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Robot start-ups, a bump in the road to graduation, dating app dissertations, and a ceremony worth the wait – QMUL rounds up 2016’s graduation stories

This summer nearly 2,900 QMUL students came together to attend our graduation ceremonies, the culmination of years of hard work and achievement.

2 August 2016


Alice Billington with her son Isaac

Graduation is a chance to celebrate success across the university, but for some students, their time here has presented challenges and opportunities they may not have expected. We asked this year’s cohort to send us their personal reflections on their time here, and the responses highlight the range of experiences at QMUL as another year comes to an end.

Congratulations to all our graduates, here are just some of your stories.

Ahmed Al-Baiyaa tells us about his experience as an international student from Iraq studying dentistry and how he found a ‘new home’ at QMUL which allowed him to “overcome all the difficulties I had experienced in Iraq at a time of war and embrace the future with more positivity and motivation.” He says: “I learned that no matter what the circumstances are, if you have a dream and are truly passionate about it, you can make it happen. I had the best time at the graduation ceremony; what a rewarding feeling to finally see your hard work paying off.”

Ahmed obtained a Distinction in all his exams with honours and was awarded multiple prizes including the Principal's prize and Dean's prize for outstanding achievement. He was also awarded the title of 'Best Overall Student' for his performance in Year Five and was nominated to be the QMUL representative at the University of London Gold Medal competition for Dentistry.

Alice Billington tells us “I have had to overcome a pretty major hurdle to complete my degree. I fell pregnant in the winter of my second year and completed my exams at eight months pregnant. I then gave birth to my son Isaac in late July and returned to university when he was eight weeks old. It’s been a rough year but we are approaching his first birthday and I have my degree and my masters place.”

She adds: “Falling pregnant really changed the course of my degree and led me to focus far more on the position of women and children throughout history. In fact my dissertation, entitled ‘Sociology, subjugation and suicide: An intellectual biography of Hannah Gavron’ was an in depth study of a young mother, who had her children during her bachelors and PhD, and who wrote her PhD on the feelings of isolation and depression that faced young mothers in the 1950s.”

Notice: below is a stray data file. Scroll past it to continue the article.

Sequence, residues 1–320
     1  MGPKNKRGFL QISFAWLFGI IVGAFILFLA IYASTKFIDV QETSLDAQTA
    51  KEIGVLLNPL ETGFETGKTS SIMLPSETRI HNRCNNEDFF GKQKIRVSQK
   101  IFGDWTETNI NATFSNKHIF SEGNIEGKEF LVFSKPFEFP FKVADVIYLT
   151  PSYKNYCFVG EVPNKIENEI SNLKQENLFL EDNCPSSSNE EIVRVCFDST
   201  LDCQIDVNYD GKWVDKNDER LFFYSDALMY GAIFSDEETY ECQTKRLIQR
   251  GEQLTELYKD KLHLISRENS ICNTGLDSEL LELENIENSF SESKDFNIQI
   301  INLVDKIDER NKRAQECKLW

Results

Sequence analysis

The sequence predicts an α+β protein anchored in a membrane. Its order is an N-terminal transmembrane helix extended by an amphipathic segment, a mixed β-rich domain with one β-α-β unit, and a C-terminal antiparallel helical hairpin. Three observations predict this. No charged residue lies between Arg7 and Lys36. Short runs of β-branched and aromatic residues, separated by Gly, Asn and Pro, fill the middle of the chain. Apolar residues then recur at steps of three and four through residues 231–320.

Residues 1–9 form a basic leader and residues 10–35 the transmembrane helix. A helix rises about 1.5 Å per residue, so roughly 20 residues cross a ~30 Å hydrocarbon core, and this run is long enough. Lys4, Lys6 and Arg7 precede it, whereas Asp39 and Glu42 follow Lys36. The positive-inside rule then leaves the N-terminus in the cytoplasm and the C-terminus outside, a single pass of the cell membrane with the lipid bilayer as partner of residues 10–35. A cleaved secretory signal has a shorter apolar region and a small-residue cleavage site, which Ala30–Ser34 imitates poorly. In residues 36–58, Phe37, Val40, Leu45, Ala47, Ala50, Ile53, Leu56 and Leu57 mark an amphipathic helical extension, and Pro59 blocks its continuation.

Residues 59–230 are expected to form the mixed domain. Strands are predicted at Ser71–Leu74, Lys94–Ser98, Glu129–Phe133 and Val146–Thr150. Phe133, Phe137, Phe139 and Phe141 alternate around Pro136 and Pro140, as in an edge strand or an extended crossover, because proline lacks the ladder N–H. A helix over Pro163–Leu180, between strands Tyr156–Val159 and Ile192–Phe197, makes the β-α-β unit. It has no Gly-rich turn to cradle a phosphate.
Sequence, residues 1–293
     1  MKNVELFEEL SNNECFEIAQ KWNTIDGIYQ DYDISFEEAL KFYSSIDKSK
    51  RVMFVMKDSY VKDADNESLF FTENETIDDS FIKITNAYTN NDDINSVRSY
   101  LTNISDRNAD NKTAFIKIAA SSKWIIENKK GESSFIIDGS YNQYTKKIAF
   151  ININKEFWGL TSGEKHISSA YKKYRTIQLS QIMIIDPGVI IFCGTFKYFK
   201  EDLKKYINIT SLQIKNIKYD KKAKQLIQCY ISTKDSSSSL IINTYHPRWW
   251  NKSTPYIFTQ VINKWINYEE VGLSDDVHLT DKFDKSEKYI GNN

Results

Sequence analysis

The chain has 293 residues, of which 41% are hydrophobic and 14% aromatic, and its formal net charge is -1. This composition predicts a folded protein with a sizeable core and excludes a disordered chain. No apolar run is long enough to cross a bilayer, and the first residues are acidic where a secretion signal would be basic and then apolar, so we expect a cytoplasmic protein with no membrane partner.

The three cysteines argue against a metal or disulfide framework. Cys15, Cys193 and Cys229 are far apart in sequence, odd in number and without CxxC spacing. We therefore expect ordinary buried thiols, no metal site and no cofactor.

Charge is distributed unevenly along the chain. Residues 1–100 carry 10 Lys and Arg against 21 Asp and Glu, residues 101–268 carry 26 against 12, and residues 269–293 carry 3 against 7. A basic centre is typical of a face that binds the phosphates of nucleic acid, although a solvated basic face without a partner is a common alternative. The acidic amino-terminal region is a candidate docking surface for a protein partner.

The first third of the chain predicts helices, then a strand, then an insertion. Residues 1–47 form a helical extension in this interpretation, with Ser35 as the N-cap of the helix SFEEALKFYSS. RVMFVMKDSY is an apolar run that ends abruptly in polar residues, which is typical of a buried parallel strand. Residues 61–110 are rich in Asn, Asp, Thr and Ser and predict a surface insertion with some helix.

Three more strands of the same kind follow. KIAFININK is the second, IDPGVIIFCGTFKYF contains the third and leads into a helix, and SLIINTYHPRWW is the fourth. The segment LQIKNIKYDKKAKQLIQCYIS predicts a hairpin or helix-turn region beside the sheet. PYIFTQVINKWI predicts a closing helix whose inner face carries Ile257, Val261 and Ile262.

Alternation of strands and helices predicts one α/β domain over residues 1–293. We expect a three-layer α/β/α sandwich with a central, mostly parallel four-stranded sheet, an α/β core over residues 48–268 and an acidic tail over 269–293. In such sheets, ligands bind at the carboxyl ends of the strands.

Alice graduated with a 2.1 in History, and will study a masters in modern and contemporary history.

Ross Ward graduated with First-class honours in Medical Engineering with Industrial Experience, and won a Principles Prize and the IMechE project Certificate for his final year project. “I was aiming to develop a novel, low-cost home based robotic rehabilitation device to aid functional recovery after stroke… Having seen first-hand the terrible disability that follows a stroke, I wanted to find a way to give every stroke sufferer the best chance to recover,” he says. Now with a successful working prototype he has set up Motus Innovations Ltd to continue developing this technology and won a £10,000 Build It award from QMUL and Santander. “My rapid progress has begun to attract big investors, and I can see a lot more progress around the corner.”

Adam Michael Packer graduated with First-class honours in Geography (BA) after having won the A.E. Smailes Award for best dissertation of the year. He says: “[The dissertation] interrogated how young homosexual students use locative media apps to organise new socio-sexual encounters and (re)negotiate how they understand themselves and their identity.”

His work has now been submitted to the Royal Geographical Society's Queer, Sexuality and Space Research Group.

SiYao Wang Is a student from Renmin University of China. After starting at QMUL in 2013 he had to return home because of visa complications. “What a nightmare for me. I had to have a one-year long gap year,” he says. “I felt in despair, lost and disappointed. I never expected the day when I could graduate because it is too far away.”

Eventually he got his new visa in May 2015 and finished with a 2.1 and has been accepted into Loughborough University to study sport management. “Looking back to the whole journey, it’s like a dream that’s filled with ups and downs, turns and twists, but finally I got through, my efforts paid off. I love Queen Mary. Thank you very much.”

Marion Myers graduated this summer after waiting nearly 40 years for the opportunity. She says: “I was an overseas student so at the end of the academic year [1977] I had gone back to Mauritius and wasn't here for the graduation ceremony.” She met her husband during her time at QMC and last year, at an alumni reunion in Melbourne, it was suggested they contact the university next time they visited England. “By luck the graduation ceremony was during our planned holiday in London this year, so it was a surprise to me when he [Marion’s husband] told me that this was being organised.”

Marion, who graduated with First-class honours in Mathematics added: “Mathematics education has been a very important part of my life, I have been a Mathematics teacher and head of Maths for quite a few years with great success so it is nice to finally attend the ceremony. It was a very emotional experience and I'm so pleased I did it."

For media information, contact:

Rupert Marquand
Public Relations Manager
Queen Mary University of London
email: r.marquand@qmul.ac.uk
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